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Cathy Presland on Accommodating Different Learning Styles

“The best learning will come by doing”


Cathy Presland


Hometown: Abergavenny, Great Britain
Udemy Birthday: August, 2012
Most Popular Course: Becoming a Writer
Fun Fact: Cathy is the proud owner of a very “handsome (and cheeky) dalmatian”.


Cathy is a true Udemy veteran, having published seven courses over her two plus years as an instructor. When creating a course, there are several factors Cathy believes are imperative for ensuring high student engagement (and successful sales too!)

Accommodate Different Learning Styles

Cathy recognizes everyone has a different learning style and a different preferred style of teacher. Cathy organizes her courses so that she touches on a variety of styles. What are the styles she identifies?

1. The “Why” Learner – Give them relevance.

These types of learners first and foremost want to know why something is important. It’s a great practice to explain (in each lecture if possible) why the content they’re consuming is important to their goals in taking the course. Once this type of student understands the importance of the material, they’ll engage with it!

2. The “What” Learner – Give them analysis.

These students like ideas and theories and often have a technical or research background. When they find a topic interesting, they’ll read all the surrounding literature to get a strong grasp on the underlying theory. Including supplementary material or suggesting more in-depth external resources will resonate well with these students.

3. The “Recipe” Learner – Give them step-by-step instructions.

This type of student wants a step-by-step guide to follow; they want to know exactly what to do first, second, third, and so on. Probably most of your students will fall within this category. Cathy has found that short videos, screen captures, and PDF worksheets work well for these students – but she advises to keep it all bite-sized so they get quick results!

4. The “IKEA” Learner – Give them one thing at a time.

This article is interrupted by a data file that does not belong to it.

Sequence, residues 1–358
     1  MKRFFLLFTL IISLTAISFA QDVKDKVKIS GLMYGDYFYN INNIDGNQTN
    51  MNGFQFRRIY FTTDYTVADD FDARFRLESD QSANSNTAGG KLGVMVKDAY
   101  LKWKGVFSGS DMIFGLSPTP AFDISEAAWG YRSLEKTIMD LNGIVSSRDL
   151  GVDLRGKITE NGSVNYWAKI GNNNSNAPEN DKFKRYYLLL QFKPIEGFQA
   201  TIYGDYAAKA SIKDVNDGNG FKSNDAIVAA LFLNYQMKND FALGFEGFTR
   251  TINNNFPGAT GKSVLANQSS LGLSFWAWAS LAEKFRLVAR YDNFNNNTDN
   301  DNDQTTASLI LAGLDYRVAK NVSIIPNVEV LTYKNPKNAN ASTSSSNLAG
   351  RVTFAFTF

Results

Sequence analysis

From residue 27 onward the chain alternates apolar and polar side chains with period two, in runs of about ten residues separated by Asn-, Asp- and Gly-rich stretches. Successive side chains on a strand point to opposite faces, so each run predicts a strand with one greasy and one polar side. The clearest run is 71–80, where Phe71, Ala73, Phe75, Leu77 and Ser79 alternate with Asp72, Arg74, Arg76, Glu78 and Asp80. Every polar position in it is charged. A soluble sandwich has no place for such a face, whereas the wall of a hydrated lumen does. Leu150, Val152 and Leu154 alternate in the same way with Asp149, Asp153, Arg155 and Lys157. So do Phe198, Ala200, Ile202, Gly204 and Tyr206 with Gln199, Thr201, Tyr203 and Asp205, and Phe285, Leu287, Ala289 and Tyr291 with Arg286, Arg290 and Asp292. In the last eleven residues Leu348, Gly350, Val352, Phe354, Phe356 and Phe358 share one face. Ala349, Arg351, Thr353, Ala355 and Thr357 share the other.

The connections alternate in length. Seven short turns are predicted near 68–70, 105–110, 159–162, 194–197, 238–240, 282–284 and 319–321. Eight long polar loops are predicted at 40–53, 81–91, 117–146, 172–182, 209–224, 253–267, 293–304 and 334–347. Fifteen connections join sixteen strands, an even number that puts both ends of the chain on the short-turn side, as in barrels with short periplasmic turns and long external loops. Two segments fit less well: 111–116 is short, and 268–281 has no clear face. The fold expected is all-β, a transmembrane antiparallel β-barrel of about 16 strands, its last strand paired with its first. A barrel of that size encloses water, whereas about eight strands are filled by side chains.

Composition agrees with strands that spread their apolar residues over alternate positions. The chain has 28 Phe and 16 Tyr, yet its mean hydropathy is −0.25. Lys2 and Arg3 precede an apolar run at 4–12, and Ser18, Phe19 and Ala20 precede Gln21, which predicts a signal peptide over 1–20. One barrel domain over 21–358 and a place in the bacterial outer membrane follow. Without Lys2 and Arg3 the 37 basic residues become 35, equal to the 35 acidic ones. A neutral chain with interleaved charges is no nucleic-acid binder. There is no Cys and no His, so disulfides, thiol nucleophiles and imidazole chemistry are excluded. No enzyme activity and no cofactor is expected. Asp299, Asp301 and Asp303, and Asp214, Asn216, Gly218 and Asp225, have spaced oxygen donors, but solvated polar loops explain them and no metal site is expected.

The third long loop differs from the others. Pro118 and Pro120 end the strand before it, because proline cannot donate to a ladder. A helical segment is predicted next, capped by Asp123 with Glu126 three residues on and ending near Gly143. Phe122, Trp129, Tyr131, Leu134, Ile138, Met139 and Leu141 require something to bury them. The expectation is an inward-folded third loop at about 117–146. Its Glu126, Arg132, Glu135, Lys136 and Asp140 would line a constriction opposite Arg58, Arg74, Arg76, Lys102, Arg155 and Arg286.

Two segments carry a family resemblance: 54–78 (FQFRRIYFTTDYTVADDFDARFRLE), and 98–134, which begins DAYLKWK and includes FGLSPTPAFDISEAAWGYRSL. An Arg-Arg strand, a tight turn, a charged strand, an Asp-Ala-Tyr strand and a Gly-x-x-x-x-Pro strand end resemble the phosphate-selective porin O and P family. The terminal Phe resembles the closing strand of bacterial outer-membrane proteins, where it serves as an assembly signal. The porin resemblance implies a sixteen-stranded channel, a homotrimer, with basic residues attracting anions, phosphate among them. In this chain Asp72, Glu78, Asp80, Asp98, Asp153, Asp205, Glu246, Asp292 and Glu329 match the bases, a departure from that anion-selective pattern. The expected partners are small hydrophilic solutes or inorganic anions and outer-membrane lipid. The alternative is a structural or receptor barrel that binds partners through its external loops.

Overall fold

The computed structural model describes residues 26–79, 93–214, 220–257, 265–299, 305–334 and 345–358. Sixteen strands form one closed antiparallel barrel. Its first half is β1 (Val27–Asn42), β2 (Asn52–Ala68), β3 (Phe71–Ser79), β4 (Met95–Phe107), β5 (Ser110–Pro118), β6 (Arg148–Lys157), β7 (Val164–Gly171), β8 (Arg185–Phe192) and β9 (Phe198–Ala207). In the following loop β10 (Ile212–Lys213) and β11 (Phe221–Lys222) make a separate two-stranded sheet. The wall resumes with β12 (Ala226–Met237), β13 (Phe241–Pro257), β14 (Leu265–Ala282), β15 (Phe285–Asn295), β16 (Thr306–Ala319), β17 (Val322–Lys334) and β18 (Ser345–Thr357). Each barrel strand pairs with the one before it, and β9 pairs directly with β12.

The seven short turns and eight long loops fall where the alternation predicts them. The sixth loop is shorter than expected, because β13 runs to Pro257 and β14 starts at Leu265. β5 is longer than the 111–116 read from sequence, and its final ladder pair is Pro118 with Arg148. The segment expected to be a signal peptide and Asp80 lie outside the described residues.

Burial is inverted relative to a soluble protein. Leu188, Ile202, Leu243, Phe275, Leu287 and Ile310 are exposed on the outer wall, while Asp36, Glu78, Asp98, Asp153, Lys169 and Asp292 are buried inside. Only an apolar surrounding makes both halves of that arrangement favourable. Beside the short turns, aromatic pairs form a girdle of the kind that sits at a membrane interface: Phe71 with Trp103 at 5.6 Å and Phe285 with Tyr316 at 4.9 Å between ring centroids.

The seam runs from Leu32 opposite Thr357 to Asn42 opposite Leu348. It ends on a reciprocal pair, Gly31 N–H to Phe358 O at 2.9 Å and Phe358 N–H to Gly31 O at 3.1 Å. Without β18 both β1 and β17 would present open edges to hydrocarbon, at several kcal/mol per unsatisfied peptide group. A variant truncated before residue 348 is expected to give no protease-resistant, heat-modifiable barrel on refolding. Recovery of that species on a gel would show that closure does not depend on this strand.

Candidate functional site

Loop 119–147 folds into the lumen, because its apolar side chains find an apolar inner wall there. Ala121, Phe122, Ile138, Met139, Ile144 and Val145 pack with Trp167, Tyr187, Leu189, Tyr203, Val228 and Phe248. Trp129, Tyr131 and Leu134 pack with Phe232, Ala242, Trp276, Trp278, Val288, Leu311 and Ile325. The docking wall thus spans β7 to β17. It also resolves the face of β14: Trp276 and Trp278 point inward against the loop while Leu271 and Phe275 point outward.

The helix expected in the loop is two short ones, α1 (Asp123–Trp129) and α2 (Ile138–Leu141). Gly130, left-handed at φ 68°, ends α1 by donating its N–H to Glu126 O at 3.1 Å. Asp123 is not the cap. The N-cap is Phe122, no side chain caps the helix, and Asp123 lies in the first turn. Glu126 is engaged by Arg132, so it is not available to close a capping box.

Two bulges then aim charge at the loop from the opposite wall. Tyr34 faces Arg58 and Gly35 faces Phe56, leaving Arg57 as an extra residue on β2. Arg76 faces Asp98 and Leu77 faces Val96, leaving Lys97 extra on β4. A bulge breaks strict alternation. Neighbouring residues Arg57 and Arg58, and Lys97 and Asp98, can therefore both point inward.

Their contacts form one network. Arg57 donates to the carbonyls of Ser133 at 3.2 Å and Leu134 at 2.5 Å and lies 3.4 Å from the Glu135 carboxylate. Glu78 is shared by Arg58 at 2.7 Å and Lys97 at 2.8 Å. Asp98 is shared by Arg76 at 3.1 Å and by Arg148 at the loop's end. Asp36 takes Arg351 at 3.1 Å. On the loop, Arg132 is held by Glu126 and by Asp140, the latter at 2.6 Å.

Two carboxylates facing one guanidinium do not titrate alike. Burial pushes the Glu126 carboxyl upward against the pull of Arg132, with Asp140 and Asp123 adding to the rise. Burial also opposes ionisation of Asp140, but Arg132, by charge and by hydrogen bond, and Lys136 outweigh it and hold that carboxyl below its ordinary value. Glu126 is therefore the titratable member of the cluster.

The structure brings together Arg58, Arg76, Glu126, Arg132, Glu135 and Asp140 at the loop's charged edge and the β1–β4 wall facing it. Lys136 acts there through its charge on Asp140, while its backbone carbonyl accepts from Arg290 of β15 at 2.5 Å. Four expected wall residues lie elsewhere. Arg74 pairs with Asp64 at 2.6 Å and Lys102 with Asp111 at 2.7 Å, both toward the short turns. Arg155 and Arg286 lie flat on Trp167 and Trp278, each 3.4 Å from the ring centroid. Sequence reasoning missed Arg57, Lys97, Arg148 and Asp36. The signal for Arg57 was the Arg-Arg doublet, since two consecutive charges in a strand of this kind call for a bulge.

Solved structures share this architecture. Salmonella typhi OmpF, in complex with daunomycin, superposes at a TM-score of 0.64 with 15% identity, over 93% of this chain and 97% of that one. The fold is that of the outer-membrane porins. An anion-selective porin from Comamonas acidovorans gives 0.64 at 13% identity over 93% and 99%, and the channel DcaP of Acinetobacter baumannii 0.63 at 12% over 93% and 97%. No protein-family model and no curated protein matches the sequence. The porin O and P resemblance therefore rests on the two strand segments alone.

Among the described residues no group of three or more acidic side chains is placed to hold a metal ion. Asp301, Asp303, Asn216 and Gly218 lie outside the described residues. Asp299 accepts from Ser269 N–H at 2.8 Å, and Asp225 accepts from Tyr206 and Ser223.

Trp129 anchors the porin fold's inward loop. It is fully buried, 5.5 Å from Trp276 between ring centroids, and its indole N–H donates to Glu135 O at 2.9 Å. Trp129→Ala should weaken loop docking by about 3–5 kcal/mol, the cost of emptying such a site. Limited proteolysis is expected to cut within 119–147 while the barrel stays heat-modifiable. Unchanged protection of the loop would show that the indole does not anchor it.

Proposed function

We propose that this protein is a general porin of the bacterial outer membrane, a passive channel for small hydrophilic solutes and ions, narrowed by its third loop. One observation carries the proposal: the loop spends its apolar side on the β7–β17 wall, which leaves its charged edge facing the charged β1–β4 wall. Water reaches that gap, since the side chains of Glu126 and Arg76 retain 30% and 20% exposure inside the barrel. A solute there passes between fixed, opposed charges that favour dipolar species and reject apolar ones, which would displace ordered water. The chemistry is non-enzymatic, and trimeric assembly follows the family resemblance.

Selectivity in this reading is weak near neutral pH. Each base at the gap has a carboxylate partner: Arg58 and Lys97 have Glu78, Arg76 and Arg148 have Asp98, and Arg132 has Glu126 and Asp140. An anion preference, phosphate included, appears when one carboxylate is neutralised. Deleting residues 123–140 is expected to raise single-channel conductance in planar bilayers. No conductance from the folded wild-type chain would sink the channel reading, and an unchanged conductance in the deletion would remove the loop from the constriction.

Cathy describes this learning style as “the person who tries to assemble the IKEA furniture without reading the instructions.” You can help these students by giving them just one thing to do at a time. Say it’s a course on Udemy course creation – tell them to create a 2-minute video to get started on their content creation. Or say it’s a course on improving health and happiness – tell them to drink just one glass of water first thing in the morning.

Since you’ll likely have students with a wide breadth of learning styles in each of your courses, make sure to use a variety of lecture formats and instructional styles between lectures, sections, and assignments to broaden your appeal.

Implement, Motivate, Interact

IMPLEMENT: People learn by doing. By taking action. Cathy recommends that instructors give student tasks and exercises, not just information. Either go through a task with them, or ask them to do it themselves.

MOTIVATE: It’s important to keep students motivated if you want them to stay engaged with the course (and hopefully go all the way through!). While you may not be in a room with your students, you can add motivation to your videos by having commentary around your technical information (think conversational pieces).

For example, “This part can be harder to understand than the previous video so make sure you block off ten minutes to watch the video twice” or “you’re more than half way through – fantastic!” and so on….

INTERACT: Cathy recognizes that “People learn really well in a community and by being able to put their ideas into context. You can do this with case studies and, if you want to, you can create communities outside Udemy. For example for one of my courses I have a very active Facebook group. There is no doubt it enhances implementation and therefore the experience for the people in that course.”

How does Cathy plan her courses?

  1. Planning: “I always start with the end in mind. So I have one course that is designed to take someone through the process of getting their book onto the kindle platform – and that’s what they get!” For further resources on planning your Udemy course, click here.
  2. Research: “I might ask some questions of people on my email list, or in a Facebook group, or people in other courses. That often throws up something I haven’t thought of – we experts don’t always know what people want!”
  3. Outline: “I like to work with post-it notes so I will either write ideas on post-its and then structure those ideas into modules, or else I might mind-map the ideas.” If you’d like to use our template to outline your course, you can find it here. It’s also always a good idea to share your outline with the instructor community in the Studio for feedback!
  4. Create Content: “Finally, I create the content: short lectures which makes it much more likely I will complete the course! Because I do screencast videos I do a powerpoint first – often one big one so it’s easier to move the slides around and then I break it into smaller files to record each separate video.”

We’ve asked a variety of bestselling and innovative Udemy instructors to host one hour Q&A sessions in the Udemy Studio or Faculty Lounge. These “Ask Me Anythings” are a chance for the instructor community to get their questions answered in real time by instructors we consider to be true mentors. To view the Ask Me Anything session hosted by Cathy Presland, go here (Note that you will need to be a Studio member to access the link).